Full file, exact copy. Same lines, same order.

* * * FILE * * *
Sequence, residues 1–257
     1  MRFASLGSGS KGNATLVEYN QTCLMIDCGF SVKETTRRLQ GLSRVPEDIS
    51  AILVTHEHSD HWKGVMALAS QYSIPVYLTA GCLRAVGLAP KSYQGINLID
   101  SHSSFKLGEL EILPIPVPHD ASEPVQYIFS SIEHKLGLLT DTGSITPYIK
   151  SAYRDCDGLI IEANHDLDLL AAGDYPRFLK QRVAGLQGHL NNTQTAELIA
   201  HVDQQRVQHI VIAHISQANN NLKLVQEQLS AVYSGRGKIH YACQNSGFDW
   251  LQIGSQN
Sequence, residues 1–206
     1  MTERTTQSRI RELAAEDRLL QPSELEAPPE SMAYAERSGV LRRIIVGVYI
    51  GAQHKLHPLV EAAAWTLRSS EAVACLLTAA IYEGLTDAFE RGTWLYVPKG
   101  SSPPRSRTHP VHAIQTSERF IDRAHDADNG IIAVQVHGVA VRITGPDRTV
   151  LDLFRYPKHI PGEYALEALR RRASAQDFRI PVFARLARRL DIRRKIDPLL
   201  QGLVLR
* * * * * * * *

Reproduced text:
Sequence, residues 1–257
     1  MRFASLGSGS KGNATLVEYN QTCLMIDCGF SVKETTRRLQ GLSRVPEDIS
    51  AILVTHEHSD HWKGVMALAS QYSIPVYLTA GCLRAVGLAP KSYQGINLID
   101  SHSSFKLGEL EILPIPVPHD ASEPVQYIFS SIEHKLGLLT DTGSITPYIK
   151  SAYRDCDGLI IEANHDLDLL AAGDYPRFLK QRVAGLQGHL NNTQTAELIA
   201  HVDQQRVQHI VIAHISQANN NLKLVQEQLS AVYSGRGKIH YACQNSGFDW
   251  LQIGSQN
Sequence, residues 1–206
     1  MTERTTQSRI RELAAEDRLL QPSELEAPPE SMAYAERSGV LRRIIVGVYI
    51  GAQHKLHPLV EAAAWTLRSS EAVACLLTAA IYEGLTDAFE RGTWLYVPKG
   101  SSPPRSRTHP VHAIQTSERF IDRAHDADNG IIAVQVHGVA VRITGPDRTV
   151  LDLFRYPKHI PGEYALEALR RRASAQDFRI PVFARLARRL DIRRKIDPLL
   201  QGLVLR